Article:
Paula Briscoe: Greenland—China’s Foothold in Europe?
Paula Briscoe is the National Intelligence Fellow at the Council on Foreign Relations.
China’s current and planned investments in Greenland raise concerns, not only about Chinese access to more of the world’s resources but also about China’s longer term objectives and the foothold in Europe that a strong partnership with Greenland could provide for Beijing.
Greenland has substantial natural resources including ore, oil, and rare earths. The government is eager to attract significant international investment, including from Chinese companies, because economic independence is the path to complete independence from Denmark.
In the face of such growing Chinese interest in Greenland, Europe has become concerned. It recently requested that Greenland restrict Chinese access to Greenland’s rare earths because China already controls 95 percent of world production and has at times used its monopoly position to drive up prices or to punish other nations for perceived political transgressions. However, despite these concerns, Greenland’s premier recently rejected the EU request saying: “Greenland is open for investments from the whole world.” This is a significant stand because the country remains only semi-autonomous from Denmark but is moving toward full independence and is still reliant on Copenhagen for foreign and defense matters and an annual subsidy that amounts to half its budget. (Note: Denmark is courting Chinese investment too and likely cautiously supports Greenland’s partnership with China despite the official EU position.)
The scale of potential Chinese investment in Greenland was brought to the fore recently by the large Chinese backed iron ore extraction operation planned by London Mining, a British company backed by Chinese financiers. The deal includes a $2.3 billion investment and will employ 2,300 Chinese workers, boosting Greenland’s population by a full 4 percent. At the same time, Alcoa, an American-based aluminum company, is reportedly planning to bring in an additional 3,000 Chinese workers to build its large aluminum smelting plant and two planned hydroelectric plants in Greenland. Despite great enthusiasm for such investment, officials in Greenland and Denmark are concerned about a number of issues, including Greenland’s ability to: effectively oversee the influx of new, heavily technical industries; oversee the responsible development of standards these heavy industries require; and ensure industrial compliance with regulatory and environmental standards.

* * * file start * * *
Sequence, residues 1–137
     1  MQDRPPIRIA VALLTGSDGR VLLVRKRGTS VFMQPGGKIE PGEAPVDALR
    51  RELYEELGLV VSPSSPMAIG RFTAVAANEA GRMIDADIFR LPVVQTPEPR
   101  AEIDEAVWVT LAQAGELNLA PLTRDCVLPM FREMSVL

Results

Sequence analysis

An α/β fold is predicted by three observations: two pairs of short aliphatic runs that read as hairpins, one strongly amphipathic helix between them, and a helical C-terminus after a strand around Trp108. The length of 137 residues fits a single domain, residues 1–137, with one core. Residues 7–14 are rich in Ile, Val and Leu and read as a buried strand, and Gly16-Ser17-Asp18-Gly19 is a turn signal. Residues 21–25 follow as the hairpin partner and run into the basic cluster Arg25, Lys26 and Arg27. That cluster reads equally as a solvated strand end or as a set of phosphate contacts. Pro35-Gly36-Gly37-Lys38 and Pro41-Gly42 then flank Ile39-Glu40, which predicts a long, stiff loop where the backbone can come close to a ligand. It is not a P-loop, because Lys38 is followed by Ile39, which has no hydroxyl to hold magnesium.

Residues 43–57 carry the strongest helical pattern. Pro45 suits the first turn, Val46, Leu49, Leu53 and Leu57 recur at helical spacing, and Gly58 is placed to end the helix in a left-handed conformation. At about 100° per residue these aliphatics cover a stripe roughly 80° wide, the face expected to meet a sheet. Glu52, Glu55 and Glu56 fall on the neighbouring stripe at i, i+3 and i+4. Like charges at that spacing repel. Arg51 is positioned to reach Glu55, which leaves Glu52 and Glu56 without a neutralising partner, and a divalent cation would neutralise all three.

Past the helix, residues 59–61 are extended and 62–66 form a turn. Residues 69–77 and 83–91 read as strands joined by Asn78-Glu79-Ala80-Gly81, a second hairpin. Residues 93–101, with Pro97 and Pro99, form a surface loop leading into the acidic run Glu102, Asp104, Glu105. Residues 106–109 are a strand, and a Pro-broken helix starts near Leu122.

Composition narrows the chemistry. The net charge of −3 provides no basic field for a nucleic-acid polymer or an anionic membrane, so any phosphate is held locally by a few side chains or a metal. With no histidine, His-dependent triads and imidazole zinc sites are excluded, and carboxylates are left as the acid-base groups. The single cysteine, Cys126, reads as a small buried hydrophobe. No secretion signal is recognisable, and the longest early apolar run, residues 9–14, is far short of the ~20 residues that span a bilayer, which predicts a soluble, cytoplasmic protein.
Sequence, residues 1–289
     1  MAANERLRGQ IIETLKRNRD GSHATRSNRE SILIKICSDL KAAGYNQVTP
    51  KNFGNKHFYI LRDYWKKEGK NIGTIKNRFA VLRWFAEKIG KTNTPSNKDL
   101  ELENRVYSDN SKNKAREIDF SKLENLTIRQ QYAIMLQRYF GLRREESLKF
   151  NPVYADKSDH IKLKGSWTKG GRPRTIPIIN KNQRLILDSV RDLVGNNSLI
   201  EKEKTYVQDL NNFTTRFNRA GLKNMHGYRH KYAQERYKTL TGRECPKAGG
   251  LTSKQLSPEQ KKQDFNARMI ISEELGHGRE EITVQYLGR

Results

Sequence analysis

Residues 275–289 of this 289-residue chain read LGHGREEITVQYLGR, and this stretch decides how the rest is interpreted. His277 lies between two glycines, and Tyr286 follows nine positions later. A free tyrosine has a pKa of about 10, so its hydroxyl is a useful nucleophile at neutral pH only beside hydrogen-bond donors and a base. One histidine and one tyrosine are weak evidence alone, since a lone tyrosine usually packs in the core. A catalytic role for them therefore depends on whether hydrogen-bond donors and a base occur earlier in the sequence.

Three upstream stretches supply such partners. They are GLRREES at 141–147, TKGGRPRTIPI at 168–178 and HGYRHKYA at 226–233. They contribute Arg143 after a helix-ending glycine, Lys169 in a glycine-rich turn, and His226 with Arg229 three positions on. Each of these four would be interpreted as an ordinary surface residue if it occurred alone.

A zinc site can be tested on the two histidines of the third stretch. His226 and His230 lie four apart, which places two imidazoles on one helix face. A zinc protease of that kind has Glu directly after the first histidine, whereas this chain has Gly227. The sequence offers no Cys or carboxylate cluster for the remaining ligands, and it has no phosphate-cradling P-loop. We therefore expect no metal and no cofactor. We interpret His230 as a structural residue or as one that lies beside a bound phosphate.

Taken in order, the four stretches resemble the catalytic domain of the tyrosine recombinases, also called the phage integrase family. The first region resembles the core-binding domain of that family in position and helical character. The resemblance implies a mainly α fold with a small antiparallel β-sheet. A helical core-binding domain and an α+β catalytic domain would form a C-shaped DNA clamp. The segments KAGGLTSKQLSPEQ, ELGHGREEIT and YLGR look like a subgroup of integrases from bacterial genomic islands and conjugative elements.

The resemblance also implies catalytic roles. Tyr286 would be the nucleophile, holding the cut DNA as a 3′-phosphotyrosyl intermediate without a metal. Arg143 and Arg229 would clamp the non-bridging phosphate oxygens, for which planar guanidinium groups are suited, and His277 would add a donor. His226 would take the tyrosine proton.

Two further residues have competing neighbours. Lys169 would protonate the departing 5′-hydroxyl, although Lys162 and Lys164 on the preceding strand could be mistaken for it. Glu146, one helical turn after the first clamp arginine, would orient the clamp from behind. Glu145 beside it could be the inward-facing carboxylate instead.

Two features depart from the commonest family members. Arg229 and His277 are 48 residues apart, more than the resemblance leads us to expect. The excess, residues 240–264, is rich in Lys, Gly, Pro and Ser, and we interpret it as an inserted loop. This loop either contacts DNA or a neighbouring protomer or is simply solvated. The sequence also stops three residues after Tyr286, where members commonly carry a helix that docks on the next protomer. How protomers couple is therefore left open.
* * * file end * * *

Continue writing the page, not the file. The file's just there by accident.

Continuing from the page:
If Greenland, a littoral Arctic territory, becomes increasingly dependent on Chinese investment, Beijing’s influence in Greenland and Arctic affairs also grows. China’s application to be elevated to permanent observer status is on the Arctic Council’s agenda in 2013, and Greenland’s administrator, Denmark, is already a supporter of China’s bid. Should Greenland become fully autonomous, and then a likely permanent member of the Arctic Council—two possibilities made more likely by heavy Chinese investment—China’s increased influence in Greenland could help buy Beijing a proxy voice in Arctic matters.
Speculation about China’s Arctic ambitions generally falls into three categories: securing a share of the Arctic’s natural resources; securing considerably shorter shipping routes from the Pacific to the Atlantic; and obtaining fishing rights and conducting research in the Arctic. There is nothing particularly sinister about China’s interest in the Arctic regarding shipping and research although China does have a poor track record—along with other states—when it comes to fishing practices. The most contentious issue, however, is likely to be the extraction of natural resources—the Arctic holds substantial oil and natural gas deposits.
It is conceivable—but certainly many years off—that China could at some point in the future use its economic might and the lure of more money flowing into Greenland’s economy to persuade Greenland to allow Beijing to base permanent military and intelligence capabilities in Greenland. China has global economic interests and may want to be better positioned to protect them in the future. Depending on the evolution of China’s foreign policy over the coming years, such worries may be well-founded or for naught.
If Greenland manages the development properly and takes the time needed to ensure it can effectively oversee development, then the people of Greenland will be on the road to a prosperous future where many native Greenlanders are better educated, more skilled, and generally better off than they are now. But if Greenland, lured by the promise of investments and earlier autonomy from Denmark, allows itself to be overwhelmed by foreign companies, then China in particular could use its economic influence to Beijing’s advantage.